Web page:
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BLA student on her experience transferring to UW

BLA student Jessica Chandler answered some questions about her experience as a transfer student in the Landscape Architecture program for the Fall 2017 Transfer Newsletter.

Name: Jessica Chandler
Major/Year: Bachelor of Landscape Architecture (BLA) ‘19
Previous Institution: Shoreline Community College
Year and Quarter Transferred: Summer 2016

ABOUT ME: My name is Jessica Chandler. I am non-traditional student who spent my early twenties traveling and pursuing a career in horticulture. I lovingly refer to myself as a late-bloomer, because I’ve tried on many different hats in my life. I’ve lived in Seattle for ten years, where I discovered my green thumb, and my love of the grey hoodie. If I don’t have my head down at Gould hall, I am probably at the Roller-Rink.


Why did you decide to transfer, and how did you choose UW?

I always knew that I hoped to transfer; the goal was to be the first person in my family to earn a Bachelor’s degree. When starting Shoreline Community College, I was unsure of what I wanted to do with my education. With my career experience and blossoming interests, I began to narrow down my field. Once I decided how I wanted to specify my studies, I looked at all schools within Washington state. UW was my first choice because the program I was applying for was interdisciplinary and held in high esteem.

What was the hardest part of transferring?

The hardest part about transferring for me was the transition into a more rigorous academic experience. There were a lot of growing pains in the first quarter, because the expectations were a lot higher than what I had previously experienced. I worked full time and maintained good grades while in community college. After transferring, I had to adjust my expectations of what could be accomplished in a day and change my schedule to reflect my increase of responsibilities in relation to school.

What resources were most helpful to you when you were preparing to transfer?

It was most helpful for me to walk into Gould Hall and speak, face-to-face with the program coordinator for Landscape Architecture. She helped me understand exactly what was required of me. I would recommend asking for help as I navigated this mostly on my own, and I found it to be an uncomfortable experience.

What advice do you have for prospective transfer students?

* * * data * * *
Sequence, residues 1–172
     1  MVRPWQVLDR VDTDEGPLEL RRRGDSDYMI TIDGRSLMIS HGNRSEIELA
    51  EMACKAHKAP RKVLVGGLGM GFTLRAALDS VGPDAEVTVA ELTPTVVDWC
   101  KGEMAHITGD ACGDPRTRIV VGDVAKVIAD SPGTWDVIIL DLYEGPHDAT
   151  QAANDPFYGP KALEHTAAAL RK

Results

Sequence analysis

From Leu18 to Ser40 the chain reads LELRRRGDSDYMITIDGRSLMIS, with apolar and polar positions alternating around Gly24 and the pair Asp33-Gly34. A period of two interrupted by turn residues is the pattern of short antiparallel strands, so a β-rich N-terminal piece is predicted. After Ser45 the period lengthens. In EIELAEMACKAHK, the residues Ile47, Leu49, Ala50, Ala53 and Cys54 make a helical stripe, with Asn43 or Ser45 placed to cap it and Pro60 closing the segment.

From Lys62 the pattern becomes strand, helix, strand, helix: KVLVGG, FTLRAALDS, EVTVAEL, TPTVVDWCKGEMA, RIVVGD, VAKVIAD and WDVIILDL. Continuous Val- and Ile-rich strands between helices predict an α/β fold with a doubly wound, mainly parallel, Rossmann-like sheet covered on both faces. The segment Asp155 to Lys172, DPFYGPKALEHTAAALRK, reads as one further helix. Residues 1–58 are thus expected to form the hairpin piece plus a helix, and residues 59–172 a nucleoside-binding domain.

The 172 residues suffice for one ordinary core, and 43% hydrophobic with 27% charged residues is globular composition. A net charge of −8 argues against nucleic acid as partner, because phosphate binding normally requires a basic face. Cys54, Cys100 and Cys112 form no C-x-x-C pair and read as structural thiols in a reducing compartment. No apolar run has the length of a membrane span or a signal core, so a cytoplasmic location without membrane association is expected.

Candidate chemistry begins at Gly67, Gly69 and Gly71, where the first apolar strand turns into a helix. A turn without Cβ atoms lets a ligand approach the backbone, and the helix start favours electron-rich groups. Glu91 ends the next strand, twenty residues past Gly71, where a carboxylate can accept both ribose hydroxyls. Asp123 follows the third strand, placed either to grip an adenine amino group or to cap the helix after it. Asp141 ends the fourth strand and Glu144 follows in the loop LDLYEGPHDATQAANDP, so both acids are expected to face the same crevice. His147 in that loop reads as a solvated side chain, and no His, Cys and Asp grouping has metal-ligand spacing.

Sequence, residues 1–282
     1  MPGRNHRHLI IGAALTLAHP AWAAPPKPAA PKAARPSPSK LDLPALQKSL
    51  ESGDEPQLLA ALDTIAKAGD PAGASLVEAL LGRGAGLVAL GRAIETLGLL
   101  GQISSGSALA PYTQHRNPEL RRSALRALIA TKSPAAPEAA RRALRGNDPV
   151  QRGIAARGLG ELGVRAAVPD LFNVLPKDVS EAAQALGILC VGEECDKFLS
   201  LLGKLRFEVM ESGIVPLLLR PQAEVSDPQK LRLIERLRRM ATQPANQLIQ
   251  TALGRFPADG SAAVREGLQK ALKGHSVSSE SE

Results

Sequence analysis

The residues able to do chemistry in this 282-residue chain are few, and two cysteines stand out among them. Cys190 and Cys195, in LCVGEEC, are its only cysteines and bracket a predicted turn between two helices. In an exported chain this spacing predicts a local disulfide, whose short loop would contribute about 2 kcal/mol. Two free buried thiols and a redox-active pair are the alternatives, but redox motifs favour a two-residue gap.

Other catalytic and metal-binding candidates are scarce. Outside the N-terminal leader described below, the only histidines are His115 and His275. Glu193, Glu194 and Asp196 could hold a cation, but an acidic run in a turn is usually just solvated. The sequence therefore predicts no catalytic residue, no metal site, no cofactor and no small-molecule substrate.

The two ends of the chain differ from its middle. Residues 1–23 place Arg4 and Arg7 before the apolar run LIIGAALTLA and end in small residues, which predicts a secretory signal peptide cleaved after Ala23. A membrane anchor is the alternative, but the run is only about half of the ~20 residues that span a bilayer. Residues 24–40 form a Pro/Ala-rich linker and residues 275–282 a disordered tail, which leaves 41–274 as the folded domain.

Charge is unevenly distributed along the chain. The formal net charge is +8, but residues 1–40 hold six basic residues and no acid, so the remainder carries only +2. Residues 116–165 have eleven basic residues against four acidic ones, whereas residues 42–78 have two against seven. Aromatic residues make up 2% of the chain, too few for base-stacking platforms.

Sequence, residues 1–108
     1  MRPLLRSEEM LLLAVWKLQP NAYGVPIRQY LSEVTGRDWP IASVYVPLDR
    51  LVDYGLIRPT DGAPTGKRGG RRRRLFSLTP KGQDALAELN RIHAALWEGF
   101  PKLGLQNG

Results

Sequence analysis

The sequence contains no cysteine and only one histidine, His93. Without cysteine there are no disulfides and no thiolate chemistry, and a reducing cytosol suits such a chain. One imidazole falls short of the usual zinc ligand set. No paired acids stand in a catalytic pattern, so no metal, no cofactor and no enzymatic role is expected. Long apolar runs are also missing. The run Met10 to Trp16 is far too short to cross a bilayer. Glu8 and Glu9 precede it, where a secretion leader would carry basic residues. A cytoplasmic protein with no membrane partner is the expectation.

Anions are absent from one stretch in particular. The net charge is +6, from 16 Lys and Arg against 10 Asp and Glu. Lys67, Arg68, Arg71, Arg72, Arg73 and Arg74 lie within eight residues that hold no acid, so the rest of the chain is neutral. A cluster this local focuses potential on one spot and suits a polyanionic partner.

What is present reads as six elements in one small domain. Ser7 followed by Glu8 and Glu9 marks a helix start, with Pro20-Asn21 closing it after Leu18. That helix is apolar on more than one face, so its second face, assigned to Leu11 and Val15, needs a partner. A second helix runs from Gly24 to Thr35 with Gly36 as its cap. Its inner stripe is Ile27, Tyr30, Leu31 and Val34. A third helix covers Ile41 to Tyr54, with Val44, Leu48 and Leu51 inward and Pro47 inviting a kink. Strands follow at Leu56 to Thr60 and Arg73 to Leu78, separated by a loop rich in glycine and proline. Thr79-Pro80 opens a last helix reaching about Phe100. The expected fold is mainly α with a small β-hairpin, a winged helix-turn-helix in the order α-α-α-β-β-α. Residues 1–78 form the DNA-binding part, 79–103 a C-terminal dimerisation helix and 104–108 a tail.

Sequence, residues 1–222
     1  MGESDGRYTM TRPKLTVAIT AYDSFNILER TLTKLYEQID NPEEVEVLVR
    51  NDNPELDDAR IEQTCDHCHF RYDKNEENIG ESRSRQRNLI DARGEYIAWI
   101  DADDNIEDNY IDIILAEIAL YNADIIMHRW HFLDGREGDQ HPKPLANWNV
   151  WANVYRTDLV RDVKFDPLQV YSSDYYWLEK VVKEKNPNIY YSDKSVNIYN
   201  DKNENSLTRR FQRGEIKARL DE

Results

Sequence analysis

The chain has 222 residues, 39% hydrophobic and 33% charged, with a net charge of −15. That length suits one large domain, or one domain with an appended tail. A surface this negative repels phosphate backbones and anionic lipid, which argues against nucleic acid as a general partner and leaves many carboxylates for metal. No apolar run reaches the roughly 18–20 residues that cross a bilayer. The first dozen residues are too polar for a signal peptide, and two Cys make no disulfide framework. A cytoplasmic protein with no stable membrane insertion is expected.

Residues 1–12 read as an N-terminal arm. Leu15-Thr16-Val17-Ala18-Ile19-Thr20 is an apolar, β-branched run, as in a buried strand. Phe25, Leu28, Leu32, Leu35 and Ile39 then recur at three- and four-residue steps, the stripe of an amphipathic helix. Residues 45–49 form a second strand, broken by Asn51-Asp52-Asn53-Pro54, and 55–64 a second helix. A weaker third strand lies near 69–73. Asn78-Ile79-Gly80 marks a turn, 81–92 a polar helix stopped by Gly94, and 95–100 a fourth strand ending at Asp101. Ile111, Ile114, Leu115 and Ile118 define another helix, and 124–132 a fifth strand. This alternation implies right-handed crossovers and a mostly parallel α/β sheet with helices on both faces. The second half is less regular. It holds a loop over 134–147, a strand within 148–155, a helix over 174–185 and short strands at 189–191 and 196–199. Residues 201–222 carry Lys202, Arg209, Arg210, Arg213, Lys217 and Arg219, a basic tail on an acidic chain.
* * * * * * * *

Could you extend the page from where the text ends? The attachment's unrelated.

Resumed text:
Once you decided what you want to study, I would highly recommend looking at the requirements for the major and gear your prerequisites towards giving you skills that will help you fulfill those requirements. You are your own best advocate; while I received thoughtful advising in community college, they weren’t able to give me informed advice in relation to my future career path, because they didn’t really understand the field. Calling the Department of Landscape Architecture office and asking questions will allow you to make informed decisions about your schedule while you are still preparing to transfer. Certain classes will help you to build your portfolio and give you insights that will help you to have an easier transition into UW. Any visual or digital art classes will be of great use to you! The Adobe Creative Suite will be your new best pal!


How did you decide to pursue a degree in Landscape Architecture?

I have enjoyed a career in horticulture for close to ten years. My passion for plants gave me a jumping point for narrowing down a field of study. As I took classes in community college, I begin to become more interested in issues of equity and public health. In my career, I had met Landscape Architects who shared their enthusiasm for the field. This peaked my curiosity, and I went from there.

What has been your favorite class or project so far, and why?

I really enjoyed the Ecological Systems Studio for a few reasons. It was really engaging to begin to think of ecology in the urban fabric. It was great to compile all the skills and information we have been gaining since the beginning of the year and use it to think about complex problems that still need solutions. In this studio, we cultivated the practice of representation as a research method, and I believe this will always be a part of my design process. Seeing the accumulation of your own thinking and learning has been a powerful experience. This studio tied together my interests with my developing skills and allowed for me to really engage with the material.

You are currently studying abroad in Rome. How has what you’ve learned in Rome supported your learning in the classroom, field, and community?

Studying abroad has been a dynamic experience! It’s amazing to have a city become your classroom, especially as it relates to urban planning and landscape design. This type of educational experience is immersive; it allows you to hone your skills of observations and recording. This is a great opportunity to think about design from the eyes of an outsider. It’s a skill to try and understand a place without knowing it, and every day in Rome is like getting to know a new friend. It takes time to understand its history, its scars, and the things that make it beautiful. I believe this lesson, patience with unfamiliarity, will always affect my work.

This interview originally appeared in the Fall 2017 Transfer Newsletter. For the original article, visit